- Direct or circumstantial evidence of the intent of an owner, or of anyone in control of the object, to deliver it to persons who he or she knows, or should reasonably know, intend to use the object to facilitate a violation of this act. The innocence of an owner, or of anyone in control of the object, as to a direct violation of this act shall not prevent a finding that the object is intended for use, or designed for use, as drug paraphernalia
- Instructions, oral or written, provided with the object concerning its use
- Descriptive materials accompanying the object which explain or depict its use
- Any advertising concerning its use
- The manner in which the object is displayed for sale
- Whether the owner or anyone in control of the object is a legitimate supplier of like or related items to the community, such as a licensed distributor of or dealer in tobacco products
- Direct or circumstantial evidence of the ratio of sales of the object or objects to the total sales of the business enterprise
- The existence and scope of legitimate uses for the object in the community
- Expert testimony concerning its use
It is unlawful for any person to deliver, possess with intent to deliver, or manufacture with intent to deliver items or tools, knowing, or under circumstances where one reasonably should know, it will be used as drug paraphernalia.
This is an interesting aspect of the law considering smoke shops are located throughout Florida. However, these businesses are not illegal and neither are the items they sell. For example, rolling papers and pipes can be sold for tobacco use. The store owners cannot, however, market the items for illegal use.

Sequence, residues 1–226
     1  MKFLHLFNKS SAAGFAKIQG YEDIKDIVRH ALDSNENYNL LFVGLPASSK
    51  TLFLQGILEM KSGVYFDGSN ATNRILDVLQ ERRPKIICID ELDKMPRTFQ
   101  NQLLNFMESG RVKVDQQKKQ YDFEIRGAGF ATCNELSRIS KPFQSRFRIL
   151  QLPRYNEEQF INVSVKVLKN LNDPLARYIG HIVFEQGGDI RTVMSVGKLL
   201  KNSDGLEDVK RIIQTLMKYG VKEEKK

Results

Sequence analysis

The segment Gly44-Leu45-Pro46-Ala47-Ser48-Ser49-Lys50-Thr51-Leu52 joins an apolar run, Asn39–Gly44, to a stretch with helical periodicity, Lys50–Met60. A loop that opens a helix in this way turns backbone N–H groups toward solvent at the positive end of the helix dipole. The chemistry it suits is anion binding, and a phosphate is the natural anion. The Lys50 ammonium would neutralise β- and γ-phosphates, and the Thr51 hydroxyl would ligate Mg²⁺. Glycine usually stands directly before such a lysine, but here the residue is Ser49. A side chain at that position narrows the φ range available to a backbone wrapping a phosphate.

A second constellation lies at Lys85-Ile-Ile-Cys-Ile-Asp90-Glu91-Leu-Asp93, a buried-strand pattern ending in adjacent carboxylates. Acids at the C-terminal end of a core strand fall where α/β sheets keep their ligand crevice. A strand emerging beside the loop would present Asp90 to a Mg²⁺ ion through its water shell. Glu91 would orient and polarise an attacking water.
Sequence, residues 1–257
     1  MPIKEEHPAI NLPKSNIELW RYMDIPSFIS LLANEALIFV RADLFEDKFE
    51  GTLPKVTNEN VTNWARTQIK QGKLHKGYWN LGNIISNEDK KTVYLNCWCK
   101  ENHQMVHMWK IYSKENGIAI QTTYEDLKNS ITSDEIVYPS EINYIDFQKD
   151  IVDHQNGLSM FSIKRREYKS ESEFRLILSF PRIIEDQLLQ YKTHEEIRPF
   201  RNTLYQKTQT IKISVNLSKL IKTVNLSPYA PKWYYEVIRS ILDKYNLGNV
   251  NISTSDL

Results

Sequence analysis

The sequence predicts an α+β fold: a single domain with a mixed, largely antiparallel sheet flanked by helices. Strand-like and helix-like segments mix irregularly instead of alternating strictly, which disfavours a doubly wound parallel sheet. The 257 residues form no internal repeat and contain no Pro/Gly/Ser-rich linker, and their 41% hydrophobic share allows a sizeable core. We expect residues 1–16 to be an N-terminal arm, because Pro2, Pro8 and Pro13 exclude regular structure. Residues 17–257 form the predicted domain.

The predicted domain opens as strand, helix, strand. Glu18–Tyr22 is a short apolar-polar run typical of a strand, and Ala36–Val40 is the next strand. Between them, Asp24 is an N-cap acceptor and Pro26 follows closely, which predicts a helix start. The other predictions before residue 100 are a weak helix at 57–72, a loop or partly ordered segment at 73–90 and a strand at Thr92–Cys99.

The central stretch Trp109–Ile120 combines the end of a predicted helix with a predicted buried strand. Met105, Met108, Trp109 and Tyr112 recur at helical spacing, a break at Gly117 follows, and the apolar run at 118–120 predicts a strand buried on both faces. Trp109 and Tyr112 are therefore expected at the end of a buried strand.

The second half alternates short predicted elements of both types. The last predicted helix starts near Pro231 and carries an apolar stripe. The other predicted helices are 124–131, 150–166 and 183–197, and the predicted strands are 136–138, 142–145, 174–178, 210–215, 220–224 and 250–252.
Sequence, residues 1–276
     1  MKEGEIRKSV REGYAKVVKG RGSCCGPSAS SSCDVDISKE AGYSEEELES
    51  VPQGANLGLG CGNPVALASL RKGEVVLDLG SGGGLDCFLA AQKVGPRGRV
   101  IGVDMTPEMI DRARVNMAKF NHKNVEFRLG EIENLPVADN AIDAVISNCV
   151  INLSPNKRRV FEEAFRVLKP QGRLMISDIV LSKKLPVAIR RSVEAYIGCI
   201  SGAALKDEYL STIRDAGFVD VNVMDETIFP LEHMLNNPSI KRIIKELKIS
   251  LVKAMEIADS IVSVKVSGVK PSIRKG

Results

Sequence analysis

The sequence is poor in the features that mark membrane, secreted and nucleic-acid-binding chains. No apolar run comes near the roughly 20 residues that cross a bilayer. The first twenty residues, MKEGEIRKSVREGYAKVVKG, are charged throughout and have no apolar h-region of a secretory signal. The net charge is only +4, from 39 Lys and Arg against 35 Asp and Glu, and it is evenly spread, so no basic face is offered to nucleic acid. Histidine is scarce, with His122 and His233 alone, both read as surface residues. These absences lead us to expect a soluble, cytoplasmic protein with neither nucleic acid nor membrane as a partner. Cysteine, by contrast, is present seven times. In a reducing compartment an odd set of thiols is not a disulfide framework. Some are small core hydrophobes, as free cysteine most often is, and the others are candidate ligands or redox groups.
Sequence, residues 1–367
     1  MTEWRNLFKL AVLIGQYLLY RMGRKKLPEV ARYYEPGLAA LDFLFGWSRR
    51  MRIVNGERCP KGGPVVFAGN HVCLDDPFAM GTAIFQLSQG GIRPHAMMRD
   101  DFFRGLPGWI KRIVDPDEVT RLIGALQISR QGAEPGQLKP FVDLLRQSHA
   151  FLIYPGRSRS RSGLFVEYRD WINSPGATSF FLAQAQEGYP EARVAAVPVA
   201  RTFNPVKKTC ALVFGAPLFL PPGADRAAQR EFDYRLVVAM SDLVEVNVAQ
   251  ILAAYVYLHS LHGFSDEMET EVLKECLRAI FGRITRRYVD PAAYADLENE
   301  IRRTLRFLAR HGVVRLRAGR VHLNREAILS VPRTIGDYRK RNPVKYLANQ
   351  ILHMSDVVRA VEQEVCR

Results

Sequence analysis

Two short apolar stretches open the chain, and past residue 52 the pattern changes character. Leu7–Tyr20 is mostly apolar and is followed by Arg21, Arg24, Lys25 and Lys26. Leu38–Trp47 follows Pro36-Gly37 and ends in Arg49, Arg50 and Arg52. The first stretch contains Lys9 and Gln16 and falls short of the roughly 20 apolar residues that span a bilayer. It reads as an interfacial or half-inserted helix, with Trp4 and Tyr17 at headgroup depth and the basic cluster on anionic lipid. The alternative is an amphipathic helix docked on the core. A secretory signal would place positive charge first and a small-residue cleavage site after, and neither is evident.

Store owners cannot place advertisements in newspapers, magazines, handbills or other publications showcasing the items being used as drug paraphernalia. Doing so could mean first-degree misdemeanor charges, which could carry up to a year in jail, a fine of up to $1,000 or both.
Additionally, if prosecutors can prove the store owners were aware the items would be used illegally, they could face charges of delivery of drug paraphernalia. This is a third-degree felony, which is punishable by up to five years in prison, a $5,000 fine or both.
The charges, however, are more severe if the paraphernalia was sold or distributed to a minor, someone younger than 18 years old. This likely would be considered a second-degree felony, which could carry up to 10 years in prison, a $10,000 fine or both.
It is unlawful for any person to sell or deliver hypodermic syringes, needles or other objects designed for use in injecting substances into the human body to any person under 18 years of age. There are exceptions for licensed practitioners, parents, legal guardians and pharmacists who do so for valid prescriptions. This charge is a first-degree misdemeanor.
One of the most important aspects of a drug paraphernalia case is proving the person charged with the offense was in control of the item. There are two ways in which prosecutors can argue a person was in control: actual possession or constructive possession.
Actual possession means the object was on the person, such as a pipe in his or her pocket. Constructive possession means the object was in a place in which the accused had control over, like under the seat of a vehicle. These are two areas in which the defense can create a strong argument against the charges.
An experienced drug defense attorney can examine your case to determine if law enforcement officers found the items through a valid legal search or if they violated your Fourth Amendment rights. Additionally, in some instances a skilled attorney can argue the alleged paraphernalia was not indented for any illegal use.
Finding A Pinellas County Drug Paraphernalia Defense Lawyer
Due to the serious and severe consequences of being convicted of a drug offense, hiring a criminal defense attorney can become a life-altering decision. Morris Law Firm, P.A. is well equipped to represent a client in cases concerning drug charges, including possession of drug paraphernalia. Act now to consult with a lawyer and find out how to best protect your rights and future opportunities. Call (727) 388-4736.